The Industrial Internet of Things

Most of you are familiar with the term “the internet of things”. It describes the addition of electronic intelligence to the devices we use every day. More and more common products come now with some sort of built-in circuitry to share data, make the device more user sensitive, track problems, and more.

A new report from consulting firm Accenture ( ) claims there is a huge potential growth opportunity now in the Industrial internet of things (IIoT). In fact, they claim that if the proper steps are taken now, this could add $14.2 trillion to the global economy by 2030.

Accenture says that when manufacturers plan correctly for IIoT, it will cause market upheavals because they will essentially be reinventing their products. This is true for new “state of the art” products and for much older products or services seen now as commodities. In both cases, by adding information, it changes the way these products and services are used.

Another important benefit will be the way this will make everyone’s work “more engaging and productive.” As machines do more and more of the boring, repetitive work like monitoring live traffic data, it will free humans up to focus on the more interesting and challenging work such as considering what changes in traffic behavior mean to current lane closure plans, or travel time models.

They feel there are three things that must be done now to realize the full potential of the industrial internet of things:

1) Re-imagine industry models: Redesign business and operating models to accommodate and support the new product – service hybrids enabled by the IIoT.
2) Realize the value of data:  Generate new insights from physical objects and share them between players within supply chains and cross-industry consortia to create new opportunities.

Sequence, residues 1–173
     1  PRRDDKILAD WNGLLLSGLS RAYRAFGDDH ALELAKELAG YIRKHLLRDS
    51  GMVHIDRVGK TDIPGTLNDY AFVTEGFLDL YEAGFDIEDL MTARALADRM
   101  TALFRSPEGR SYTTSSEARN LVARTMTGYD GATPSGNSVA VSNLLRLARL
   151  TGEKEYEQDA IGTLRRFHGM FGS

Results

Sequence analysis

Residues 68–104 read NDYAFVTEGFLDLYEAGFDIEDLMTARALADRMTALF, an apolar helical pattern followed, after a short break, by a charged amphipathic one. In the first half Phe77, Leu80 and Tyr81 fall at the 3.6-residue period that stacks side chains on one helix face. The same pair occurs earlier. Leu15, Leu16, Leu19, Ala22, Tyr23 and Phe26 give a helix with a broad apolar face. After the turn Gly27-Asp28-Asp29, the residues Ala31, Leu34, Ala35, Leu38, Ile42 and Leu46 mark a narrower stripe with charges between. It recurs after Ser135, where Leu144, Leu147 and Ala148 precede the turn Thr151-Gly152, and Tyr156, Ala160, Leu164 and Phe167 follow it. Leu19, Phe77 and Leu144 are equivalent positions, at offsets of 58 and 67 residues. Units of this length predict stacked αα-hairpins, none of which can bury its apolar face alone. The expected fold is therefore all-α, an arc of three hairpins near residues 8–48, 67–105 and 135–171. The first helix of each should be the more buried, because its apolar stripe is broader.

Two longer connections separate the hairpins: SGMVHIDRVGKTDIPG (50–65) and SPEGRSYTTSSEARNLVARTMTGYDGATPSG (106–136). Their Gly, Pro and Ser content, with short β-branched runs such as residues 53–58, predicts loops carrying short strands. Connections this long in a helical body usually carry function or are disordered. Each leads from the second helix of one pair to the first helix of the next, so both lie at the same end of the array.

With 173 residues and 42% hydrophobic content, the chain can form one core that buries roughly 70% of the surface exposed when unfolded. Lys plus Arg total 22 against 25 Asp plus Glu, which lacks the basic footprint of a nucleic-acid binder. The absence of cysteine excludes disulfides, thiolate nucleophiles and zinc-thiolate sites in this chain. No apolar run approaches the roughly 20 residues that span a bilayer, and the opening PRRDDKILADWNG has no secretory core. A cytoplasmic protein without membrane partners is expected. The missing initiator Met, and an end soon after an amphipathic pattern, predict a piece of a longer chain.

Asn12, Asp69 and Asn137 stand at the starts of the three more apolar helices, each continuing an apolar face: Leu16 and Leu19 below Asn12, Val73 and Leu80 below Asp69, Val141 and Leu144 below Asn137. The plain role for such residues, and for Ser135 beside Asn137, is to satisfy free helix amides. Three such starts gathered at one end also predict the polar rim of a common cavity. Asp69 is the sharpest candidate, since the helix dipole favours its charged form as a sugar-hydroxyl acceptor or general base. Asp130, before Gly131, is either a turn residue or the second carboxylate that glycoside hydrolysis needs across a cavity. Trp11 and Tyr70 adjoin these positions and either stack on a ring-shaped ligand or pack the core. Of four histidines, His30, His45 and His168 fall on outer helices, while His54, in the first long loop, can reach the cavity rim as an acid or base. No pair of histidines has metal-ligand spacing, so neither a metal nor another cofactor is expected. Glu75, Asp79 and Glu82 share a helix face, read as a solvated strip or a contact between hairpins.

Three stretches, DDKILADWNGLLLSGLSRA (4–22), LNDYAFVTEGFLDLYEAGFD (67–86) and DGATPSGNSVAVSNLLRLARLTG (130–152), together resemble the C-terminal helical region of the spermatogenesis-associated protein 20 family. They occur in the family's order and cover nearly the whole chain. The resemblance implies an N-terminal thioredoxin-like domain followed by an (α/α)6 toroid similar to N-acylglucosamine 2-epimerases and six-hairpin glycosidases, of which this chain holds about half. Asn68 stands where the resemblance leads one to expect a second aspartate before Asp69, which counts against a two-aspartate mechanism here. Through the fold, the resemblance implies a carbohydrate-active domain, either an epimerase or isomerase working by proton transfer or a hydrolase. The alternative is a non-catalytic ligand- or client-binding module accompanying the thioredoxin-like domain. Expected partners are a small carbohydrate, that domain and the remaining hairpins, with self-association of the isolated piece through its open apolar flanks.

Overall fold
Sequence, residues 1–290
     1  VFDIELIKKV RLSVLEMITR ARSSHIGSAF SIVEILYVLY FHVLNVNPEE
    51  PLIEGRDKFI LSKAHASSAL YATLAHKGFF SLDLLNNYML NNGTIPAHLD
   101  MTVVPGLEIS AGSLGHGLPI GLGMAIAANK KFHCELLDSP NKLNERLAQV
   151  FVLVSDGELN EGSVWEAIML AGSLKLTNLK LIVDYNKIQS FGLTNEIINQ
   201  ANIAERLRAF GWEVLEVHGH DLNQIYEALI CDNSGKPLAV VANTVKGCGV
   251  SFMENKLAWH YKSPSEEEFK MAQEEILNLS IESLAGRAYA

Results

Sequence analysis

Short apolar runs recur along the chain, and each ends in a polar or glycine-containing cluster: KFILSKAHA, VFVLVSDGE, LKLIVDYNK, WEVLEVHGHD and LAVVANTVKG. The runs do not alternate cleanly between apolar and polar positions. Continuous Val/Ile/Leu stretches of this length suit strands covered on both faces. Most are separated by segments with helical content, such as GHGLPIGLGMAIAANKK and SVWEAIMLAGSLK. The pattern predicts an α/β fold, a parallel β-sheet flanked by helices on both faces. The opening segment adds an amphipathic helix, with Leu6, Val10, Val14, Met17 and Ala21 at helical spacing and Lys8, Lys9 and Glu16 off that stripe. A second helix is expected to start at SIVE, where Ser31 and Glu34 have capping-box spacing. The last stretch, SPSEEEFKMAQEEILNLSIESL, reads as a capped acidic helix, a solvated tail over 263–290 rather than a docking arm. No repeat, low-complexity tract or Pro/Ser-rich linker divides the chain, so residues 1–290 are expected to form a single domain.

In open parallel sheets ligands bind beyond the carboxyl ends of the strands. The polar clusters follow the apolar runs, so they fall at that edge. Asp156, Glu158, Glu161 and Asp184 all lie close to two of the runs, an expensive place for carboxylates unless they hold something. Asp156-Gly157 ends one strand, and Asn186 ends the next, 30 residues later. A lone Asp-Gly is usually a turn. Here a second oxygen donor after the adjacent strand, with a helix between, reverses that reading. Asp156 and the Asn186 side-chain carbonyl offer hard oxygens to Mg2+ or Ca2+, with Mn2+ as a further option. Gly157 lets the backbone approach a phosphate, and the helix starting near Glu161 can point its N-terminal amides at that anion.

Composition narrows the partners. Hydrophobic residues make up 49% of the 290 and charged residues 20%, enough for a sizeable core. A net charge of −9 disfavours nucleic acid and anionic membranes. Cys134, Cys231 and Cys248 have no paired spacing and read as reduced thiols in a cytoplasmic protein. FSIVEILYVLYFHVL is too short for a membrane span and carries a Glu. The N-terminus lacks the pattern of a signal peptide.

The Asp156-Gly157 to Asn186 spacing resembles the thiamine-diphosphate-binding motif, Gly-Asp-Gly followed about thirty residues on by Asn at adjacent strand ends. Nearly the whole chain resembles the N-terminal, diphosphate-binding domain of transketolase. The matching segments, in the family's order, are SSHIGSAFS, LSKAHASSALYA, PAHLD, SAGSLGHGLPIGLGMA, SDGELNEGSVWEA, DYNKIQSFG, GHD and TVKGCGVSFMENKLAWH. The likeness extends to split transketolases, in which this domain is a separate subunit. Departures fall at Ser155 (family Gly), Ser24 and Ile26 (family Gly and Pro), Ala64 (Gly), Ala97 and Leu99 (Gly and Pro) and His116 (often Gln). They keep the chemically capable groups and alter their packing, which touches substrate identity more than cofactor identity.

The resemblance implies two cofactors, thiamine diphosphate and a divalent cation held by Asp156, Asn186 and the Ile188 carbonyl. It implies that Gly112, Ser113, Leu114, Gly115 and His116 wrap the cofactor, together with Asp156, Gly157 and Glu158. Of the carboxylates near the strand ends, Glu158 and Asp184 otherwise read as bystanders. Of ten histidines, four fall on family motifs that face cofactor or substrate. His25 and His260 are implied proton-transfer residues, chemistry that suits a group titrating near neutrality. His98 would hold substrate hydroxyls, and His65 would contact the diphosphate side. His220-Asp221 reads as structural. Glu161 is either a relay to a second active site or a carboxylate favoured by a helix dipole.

3) Prepare for the future of work: Invest in new skills and processes that enable human and digital labor to work effectively together. Implement organizational changes that support the more collaborative and autonomous working environment the IIoT will make possible.

These recommendations have very significant application to the work zone ITS world. Equipment maintenance and system dependability are just the first two areas that come to mind. This technology will make us far more efficient while allowing us to inexpensively collect far more data. The trick is in understanding how this wealth of data might help manufacturers, contractors, agencies or the travelling public.

The Work Zone ITS Blog Through It’s First 18 Months

As we begin another year I hope you will forgive me if I look back on the last year and a half of the Work Zone ITS Blog. We began in August of 2012 and since then we have posted 60 times. The goal, originally, was to spark a conversation within our rather exclusive community. By talking about the issues we all face, I hoped to move the technology and its use forward a little faster.  I believe we have succeeded, though not in precisely the way we originally imagined. The conversation is taking place but not out in the open like I hoped. Still, progress is being made.

You may be interested in a few statistics:

Since it’s inception, Work Zone ITS Blog has been read by interested people in 63 different countries. The United States was first, of course, followed by Brazil and Canada.

Our busiest day was February 18, 2014 when we posted “TTI Creates Paradigm Shift for Work Zone ITS.” Our 5 most read posts were:

1) TTI Creates Paradigm Shift for Work Zone ITS – February 2014

2) Self Driving Cars and Work Zone ITS – March, 2014

3) Work Zone ITS Implementation Guide – February 2014

4) Queue Warning Systems – October 2013

5) Report from ATSSA ITS Council – August 2014

Thank you all for reading, for passing it along to others, and for your comments and suggestions along the way. Please take a moment and recommend us to your friends and colleagues. They can find us at:

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Thanks again for reading. I wish you a prosperous and rewarding year in 2015.

All the best, Joe Jeffrey